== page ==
Pacemaker with atrial fibrillation

Common Questions and Answers about Pacemaker with atrial fibrillation

pacemaker

I have been diagnosed with bradycardia and atrial fibrillation and will soon be given a dual chamber permanent pacemaker. I notice that in the doctor's reply it was said that a pacemaker didn't treat AF. This has confused me since my understanding of a pacemaker is that it gives you a regular sinus heartbeat and that arrhythmias would be a thing of the past. If it doesn't treat arrhythmia, then what use is it?
Ablation of the AV node with pacemaker placement is usually reserved for cases where the heart rate cannot be controlled with medication and is only a last resort.
•Drugs to try to prevent atrial fibrillation •Drugs to prevent blood clots — Patients with atrial fibrillation and heart disease are at especially high risk of stroke. •Blood-thinning medications (anticoagulants) such as aspirin may be prescribed. Thanks for sharing and if you have any followup questions feel welcome to respond. Take care.
I was given a pacemaker, although, my pauses were up to 7 seconds, and I am in a-fib. With the pacemaker they were able to treat me with anti-arrythmic meds. for the afib. They could not do this without a pacemaker because of the fact that the heart rate also drops too low and those meds, can really slow your heart down. It really does sound like your problem. I wonder what your cardiologists will say? Good luck to you both.
Atrial fibrillation (“Afib”) with reduced heart function (low ejection fraction / “EF”) is a challenge because uncontrolled atrial fibrillation can trigger episodes of heart failure and fluid overload and vice versa – poorly controlled heart failure can worsen atrial fibrillation. Additionally, cardiac treatments need to be chosen carefully so that treatment of one condition doesn’t worsen the other.
I have a "pacemaker and chronic atrial fibrillation and palpitations" and still very active at 95. my computer replies no information available. anyone else has this condition and what can be done about it? This discussion is related to <a href="/posts/Heart-Rhythm/still-feeling-bad/show/339933">still feeling bad</a>.
i have atrial fibrillation and chf my doc want to put a Implantable Cardioverter Defibrillator in me and was wondering if thats a life time thing or can i get mt heart stringer and not need it any more ?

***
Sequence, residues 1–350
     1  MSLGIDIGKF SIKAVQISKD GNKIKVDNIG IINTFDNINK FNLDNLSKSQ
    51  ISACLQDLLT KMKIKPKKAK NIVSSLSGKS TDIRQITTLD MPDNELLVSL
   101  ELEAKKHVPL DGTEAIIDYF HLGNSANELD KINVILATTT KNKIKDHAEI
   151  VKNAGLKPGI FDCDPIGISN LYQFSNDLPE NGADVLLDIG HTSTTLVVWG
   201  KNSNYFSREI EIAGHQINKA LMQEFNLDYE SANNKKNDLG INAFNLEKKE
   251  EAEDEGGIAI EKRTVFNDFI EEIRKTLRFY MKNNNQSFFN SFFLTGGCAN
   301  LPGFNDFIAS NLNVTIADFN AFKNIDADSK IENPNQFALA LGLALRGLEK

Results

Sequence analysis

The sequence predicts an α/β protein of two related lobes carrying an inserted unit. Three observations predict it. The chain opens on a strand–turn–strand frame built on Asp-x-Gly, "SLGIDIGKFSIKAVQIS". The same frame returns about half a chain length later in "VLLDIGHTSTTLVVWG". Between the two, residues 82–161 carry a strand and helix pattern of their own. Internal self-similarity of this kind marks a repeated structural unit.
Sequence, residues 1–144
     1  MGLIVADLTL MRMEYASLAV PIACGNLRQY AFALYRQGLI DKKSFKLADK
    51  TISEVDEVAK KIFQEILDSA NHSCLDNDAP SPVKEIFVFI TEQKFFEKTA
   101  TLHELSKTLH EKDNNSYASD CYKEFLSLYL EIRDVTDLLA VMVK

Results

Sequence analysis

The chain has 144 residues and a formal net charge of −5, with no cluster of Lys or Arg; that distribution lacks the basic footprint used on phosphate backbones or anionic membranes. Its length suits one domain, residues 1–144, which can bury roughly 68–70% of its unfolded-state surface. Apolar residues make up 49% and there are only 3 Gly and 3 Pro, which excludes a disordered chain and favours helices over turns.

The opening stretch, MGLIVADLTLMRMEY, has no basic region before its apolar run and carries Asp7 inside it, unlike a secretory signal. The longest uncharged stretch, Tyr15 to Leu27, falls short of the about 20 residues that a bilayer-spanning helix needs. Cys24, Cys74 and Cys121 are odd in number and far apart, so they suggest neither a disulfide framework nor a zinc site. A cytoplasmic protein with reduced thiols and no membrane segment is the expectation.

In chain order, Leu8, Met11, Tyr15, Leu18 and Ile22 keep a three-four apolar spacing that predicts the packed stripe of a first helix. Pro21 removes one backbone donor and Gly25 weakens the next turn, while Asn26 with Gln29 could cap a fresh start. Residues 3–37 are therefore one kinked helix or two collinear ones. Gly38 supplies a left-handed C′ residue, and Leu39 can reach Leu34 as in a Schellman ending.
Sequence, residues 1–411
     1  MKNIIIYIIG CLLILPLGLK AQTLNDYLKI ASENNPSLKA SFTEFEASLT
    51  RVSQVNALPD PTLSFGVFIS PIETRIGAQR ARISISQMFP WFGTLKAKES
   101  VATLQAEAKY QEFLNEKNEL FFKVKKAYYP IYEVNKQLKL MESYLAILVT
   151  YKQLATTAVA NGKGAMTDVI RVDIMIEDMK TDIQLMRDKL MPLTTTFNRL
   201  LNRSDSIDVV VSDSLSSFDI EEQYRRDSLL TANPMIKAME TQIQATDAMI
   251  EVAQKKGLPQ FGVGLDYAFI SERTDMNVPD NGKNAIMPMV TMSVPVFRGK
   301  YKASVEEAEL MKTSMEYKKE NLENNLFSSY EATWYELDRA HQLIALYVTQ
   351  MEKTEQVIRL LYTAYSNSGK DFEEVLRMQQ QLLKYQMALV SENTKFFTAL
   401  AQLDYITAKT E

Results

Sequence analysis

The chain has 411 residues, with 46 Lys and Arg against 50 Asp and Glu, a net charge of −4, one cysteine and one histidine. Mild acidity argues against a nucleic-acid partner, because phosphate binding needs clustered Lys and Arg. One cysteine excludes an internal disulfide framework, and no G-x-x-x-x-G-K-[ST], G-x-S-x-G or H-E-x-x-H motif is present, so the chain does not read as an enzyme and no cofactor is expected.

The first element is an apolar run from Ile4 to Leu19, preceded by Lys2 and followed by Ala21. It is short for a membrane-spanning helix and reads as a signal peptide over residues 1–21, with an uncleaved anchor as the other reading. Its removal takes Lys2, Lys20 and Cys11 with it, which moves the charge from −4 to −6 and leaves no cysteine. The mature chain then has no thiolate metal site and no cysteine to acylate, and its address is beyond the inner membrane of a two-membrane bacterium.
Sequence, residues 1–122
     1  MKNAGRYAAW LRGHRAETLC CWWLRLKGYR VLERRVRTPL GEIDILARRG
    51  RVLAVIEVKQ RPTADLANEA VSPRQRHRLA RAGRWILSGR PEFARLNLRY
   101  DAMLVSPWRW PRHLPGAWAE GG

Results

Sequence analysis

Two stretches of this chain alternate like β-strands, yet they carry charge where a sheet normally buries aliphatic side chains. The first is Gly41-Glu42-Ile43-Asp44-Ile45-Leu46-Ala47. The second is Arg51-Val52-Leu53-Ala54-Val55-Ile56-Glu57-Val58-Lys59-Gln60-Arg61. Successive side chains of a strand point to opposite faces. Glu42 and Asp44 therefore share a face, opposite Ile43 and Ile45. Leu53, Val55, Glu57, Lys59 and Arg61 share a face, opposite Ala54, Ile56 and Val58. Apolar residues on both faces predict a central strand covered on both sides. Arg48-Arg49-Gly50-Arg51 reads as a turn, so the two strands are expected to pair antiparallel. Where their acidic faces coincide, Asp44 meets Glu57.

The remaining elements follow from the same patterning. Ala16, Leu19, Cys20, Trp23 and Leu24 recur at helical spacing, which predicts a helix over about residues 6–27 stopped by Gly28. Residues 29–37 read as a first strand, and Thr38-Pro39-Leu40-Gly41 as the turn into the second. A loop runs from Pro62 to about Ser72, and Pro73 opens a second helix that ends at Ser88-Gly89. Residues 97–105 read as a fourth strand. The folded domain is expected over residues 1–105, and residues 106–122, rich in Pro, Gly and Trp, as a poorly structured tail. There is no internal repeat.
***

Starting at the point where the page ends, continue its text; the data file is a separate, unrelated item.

of running - shortness of breath - leg musceles ache with latic acid buildup - chest pounding - have to stop running / stress test on 10/19 - diagnosis - exercise induced atrial fibrillation / no known incidences of AF when not excercising / appt. with cardiologist 10/23 - perscribed an echo cardiogram & 50mg. twice daily of Tambocor (flecanide) / Questions - 1) Will incidence of AF increase as I age? 2) Will AF incidences occur even if I quit exercising?
html I was diagnosed SVT in 1995 and then nuerocardiogentic disorder in Februsry 2003. I am told that this model of pacemaker will provide therapy by pacing with AF. It may or may not be the answer for you, but definately something to look at or ask the doctors about. Since it is still new here in Tennessee. I was the first to have one implanted in West TN and was having problems when I saw a Medtronics rep, because their programmer didn't even the software instaleld yet.
My husband unfortunately has much worse matters because he has Cardiomyopathy also which could have caused the Atrial Fibrillation or the Atrial Fibrillation could have caused the Cardiomyopathy. All of this is so confusing and it seems like there are no easy answers. I would sure be interested in hearind about others that are going through this and what their successes have been.
Most of them are related to structural changes in the left atrium (dilatation or hypertrophy) which tends to worsen BY having atrial fibrillation, which is why atrial fibrillation starts with brief episodes and ends up as a permanent condition. Hypertension seems to be a major risk factor. There are also a lot of non-cardiac causes, such as electrolyte imbalances (calcium especially), excess catecholamines, hyper/hypothyroidism, stimulants, drugs, alcohol.
Are there alternatives to coumadin for treating atrial fibrillation in an 89 year old male? This discussion is related to <a href='/posts/show/794153'>Live Health Chat: Atrial Fibrillation, April 13th (Special Guest Dr. Bruce Lindsay, Cleveland Clinic)</a>.
Will a pacemaker help a 90 year old woman with atrial fibrillation -otherwise physically healthy - with alzheimers. Walks only with help at present time...............